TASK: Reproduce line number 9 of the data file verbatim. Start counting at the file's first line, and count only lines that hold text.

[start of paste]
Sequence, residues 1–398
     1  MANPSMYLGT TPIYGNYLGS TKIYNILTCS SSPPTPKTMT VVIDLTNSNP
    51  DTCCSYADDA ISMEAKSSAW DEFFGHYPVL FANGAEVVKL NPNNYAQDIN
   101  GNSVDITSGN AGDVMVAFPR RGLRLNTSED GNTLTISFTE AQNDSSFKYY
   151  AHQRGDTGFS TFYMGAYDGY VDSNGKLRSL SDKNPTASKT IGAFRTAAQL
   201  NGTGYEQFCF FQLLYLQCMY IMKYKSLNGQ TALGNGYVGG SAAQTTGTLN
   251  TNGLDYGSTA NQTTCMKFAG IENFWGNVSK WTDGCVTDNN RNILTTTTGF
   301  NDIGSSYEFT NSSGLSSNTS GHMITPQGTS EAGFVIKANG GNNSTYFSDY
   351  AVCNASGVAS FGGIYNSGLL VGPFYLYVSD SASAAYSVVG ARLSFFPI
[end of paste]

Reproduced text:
   351  AVCNASGVAS FGGIYNSGLL VGPFYLYVSD SASAAYSVVG ARLSFFPI